<< -- 2 -- Tess Crebbin GOING THE EXTRA MILE WITH AN EGYPTIAN DEITY
In our quest we went through several of the 25 halls that were filled to near capacity, and tried to look for some less expensive sound systems that would still satisfy the discerning music lover's ear. Unfortunately, all we initially found was proof that quality has its price, for what we listened to was a far cry from the top sounds experienced at the big presentations. Not willing to give up, we kept walking around, grimly determined and getting ever more tired just from the sheer distance that we had to cover to make our way from one hall to the next, until one sound expert we met at a stand eventually took pity on us and gave us some direction: Typhoon/Anubis, he said, was the magic word: this apparently is a German company which advertises little but is known mainly by word of mouth, is immensely successful and seemingly produces what we were looking for: high quality at an affordable price that would allow ordinary mortals real audio enjoyment.
The Typhoon stand at CeBIT 2005. Photo © 2005 Phil Crebbin
So with a complex CeBIT map in hand, we made our way to Hall 19, stand C37, where we were told Typhoon was located. There we met crowds and crowds, speaking all conceivable languages, from the better-known ones like Italian to such exotics like Taiwanese, Korean and some of the other Asian ones. The stand and the products looked good but could they hold up to the sound comparison with Panasonic and Co? First we tried the heart-and-soul of Typhoon sound systems: the new wireless surround system that reduces the cable clutter and unsightly mess when all one wants to do is enjoy an opera on television. For this, they had it all set up: a slightly-more-regular-sized flat-screen TV with wireless surround speakers on incorporated stands that were so light you could easily knock them over. The sound was great and crisp. This 9400 Wireless Home Theatre should be on the market in June 2005 and will retail at the amazingly low price of only about 279 euros! In fact, it sounded so good that it seemed as though someone with an ear for classical music was at the helm of this company and so we decided to investigate.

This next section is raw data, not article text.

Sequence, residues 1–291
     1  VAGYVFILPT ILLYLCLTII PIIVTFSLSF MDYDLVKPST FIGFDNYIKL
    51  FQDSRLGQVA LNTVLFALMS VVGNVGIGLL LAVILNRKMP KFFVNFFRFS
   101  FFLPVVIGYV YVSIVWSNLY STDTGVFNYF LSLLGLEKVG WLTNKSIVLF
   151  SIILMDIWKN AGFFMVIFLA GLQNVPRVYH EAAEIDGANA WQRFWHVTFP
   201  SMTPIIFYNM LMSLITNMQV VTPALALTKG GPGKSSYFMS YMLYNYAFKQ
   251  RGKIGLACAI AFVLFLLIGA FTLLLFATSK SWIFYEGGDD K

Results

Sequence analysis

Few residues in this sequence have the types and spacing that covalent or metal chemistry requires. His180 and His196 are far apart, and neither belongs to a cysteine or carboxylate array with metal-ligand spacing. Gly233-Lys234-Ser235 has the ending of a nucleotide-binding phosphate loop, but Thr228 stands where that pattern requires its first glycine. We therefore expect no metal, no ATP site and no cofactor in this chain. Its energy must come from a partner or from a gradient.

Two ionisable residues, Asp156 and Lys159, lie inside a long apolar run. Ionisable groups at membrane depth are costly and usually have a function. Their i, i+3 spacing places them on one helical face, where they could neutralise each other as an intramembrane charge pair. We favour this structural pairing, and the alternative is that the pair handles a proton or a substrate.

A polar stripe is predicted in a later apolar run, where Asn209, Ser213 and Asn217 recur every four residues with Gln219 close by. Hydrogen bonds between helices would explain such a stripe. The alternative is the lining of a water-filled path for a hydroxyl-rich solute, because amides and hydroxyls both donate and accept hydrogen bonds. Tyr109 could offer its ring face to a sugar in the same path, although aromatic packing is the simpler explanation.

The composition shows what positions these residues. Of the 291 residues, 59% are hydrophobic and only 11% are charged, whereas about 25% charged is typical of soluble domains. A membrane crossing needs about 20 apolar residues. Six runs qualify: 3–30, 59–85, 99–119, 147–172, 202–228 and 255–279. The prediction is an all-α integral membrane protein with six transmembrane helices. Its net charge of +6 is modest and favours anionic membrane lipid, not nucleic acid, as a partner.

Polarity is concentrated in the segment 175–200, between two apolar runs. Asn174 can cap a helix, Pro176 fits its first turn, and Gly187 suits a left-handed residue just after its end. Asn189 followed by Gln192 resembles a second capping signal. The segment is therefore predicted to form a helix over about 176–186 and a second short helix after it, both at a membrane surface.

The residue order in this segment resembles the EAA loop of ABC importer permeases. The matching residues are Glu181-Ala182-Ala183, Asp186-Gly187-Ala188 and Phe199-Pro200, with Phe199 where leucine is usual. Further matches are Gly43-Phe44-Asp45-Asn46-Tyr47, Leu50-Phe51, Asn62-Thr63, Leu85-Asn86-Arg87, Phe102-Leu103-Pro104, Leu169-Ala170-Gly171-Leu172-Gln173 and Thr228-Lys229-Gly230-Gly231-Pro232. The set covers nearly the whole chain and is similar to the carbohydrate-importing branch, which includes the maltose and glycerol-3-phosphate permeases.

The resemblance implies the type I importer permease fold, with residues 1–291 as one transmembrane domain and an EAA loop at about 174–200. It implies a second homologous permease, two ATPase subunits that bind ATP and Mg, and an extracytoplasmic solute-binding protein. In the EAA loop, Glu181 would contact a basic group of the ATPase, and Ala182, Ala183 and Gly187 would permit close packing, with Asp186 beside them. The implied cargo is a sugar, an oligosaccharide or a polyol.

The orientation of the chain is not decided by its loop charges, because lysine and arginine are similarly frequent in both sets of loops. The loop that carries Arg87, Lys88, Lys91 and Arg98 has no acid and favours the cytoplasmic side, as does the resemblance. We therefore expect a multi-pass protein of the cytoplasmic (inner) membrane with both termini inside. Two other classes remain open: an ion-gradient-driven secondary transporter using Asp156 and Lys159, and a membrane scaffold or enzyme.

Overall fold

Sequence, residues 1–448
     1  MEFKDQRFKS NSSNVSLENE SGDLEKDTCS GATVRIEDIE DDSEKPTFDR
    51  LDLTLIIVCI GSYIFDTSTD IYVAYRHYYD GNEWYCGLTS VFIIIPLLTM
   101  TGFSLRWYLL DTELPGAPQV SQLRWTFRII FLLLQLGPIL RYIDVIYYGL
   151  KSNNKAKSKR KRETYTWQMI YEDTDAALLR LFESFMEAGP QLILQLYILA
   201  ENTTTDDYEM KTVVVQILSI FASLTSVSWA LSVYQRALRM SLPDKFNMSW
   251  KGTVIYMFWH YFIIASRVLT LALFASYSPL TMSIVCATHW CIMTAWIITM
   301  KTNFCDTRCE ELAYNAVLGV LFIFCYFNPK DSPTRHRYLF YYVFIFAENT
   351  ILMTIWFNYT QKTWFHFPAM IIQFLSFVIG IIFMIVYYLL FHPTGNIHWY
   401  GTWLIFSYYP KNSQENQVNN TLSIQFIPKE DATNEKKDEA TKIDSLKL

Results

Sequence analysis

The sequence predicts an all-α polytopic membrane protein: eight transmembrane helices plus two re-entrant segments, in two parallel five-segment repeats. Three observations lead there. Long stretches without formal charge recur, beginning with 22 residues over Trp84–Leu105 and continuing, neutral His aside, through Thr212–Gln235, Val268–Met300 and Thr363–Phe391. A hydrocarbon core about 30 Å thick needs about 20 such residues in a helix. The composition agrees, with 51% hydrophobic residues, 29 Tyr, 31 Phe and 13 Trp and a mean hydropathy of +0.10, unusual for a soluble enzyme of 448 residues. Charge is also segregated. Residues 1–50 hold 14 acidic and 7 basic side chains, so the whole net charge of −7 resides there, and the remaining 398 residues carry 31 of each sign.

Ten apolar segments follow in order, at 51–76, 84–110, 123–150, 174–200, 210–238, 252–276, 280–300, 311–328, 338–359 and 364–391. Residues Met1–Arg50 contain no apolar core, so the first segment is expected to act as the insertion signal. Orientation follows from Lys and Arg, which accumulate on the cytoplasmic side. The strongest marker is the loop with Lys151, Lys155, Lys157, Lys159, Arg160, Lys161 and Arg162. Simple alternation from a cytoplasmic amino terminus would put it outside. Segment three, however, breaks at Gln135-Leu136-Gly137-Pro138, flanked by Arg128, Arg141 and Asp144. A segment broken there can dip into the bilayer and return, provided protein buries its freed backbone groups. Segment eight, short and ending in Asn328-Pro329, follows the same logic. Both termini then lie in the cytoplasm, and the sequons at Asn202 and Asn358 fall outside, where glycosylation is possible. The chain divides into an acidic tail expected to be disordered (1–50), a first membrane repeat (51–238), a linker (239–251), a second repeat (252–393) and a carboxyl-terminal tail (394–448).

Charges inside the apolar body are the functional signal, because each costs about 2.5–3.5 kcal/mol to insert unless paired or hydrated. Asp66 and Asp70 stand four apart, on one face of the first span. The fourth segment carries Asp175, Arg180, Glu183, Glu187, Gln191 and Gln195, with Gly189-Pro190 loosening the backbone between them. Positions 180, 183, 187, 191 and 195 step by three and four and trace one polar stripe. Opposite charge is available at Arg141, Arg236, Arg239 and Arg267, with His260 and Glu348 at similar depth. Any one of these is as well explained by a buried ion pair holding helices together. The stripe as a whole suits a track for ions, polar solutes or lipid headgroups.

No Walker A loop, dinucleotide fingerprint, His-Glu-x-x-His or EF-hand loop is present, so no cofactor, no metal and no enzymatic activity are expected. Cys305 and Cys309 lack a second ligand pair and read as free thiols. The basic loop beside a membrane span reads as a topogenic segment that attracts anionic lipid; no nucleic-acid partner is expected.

This led us to Dominique Bonk, the charismatic founder of Typhoon-Anubis, a sportive guy who is Germany's answer to Richard Branson, loves to go skiing and couples his affinity for Egypt (Anubis, we learned, is an Egyptian God) with an ear for good music.
Copyright © 17 April 2005
Tess Crebbin, Germany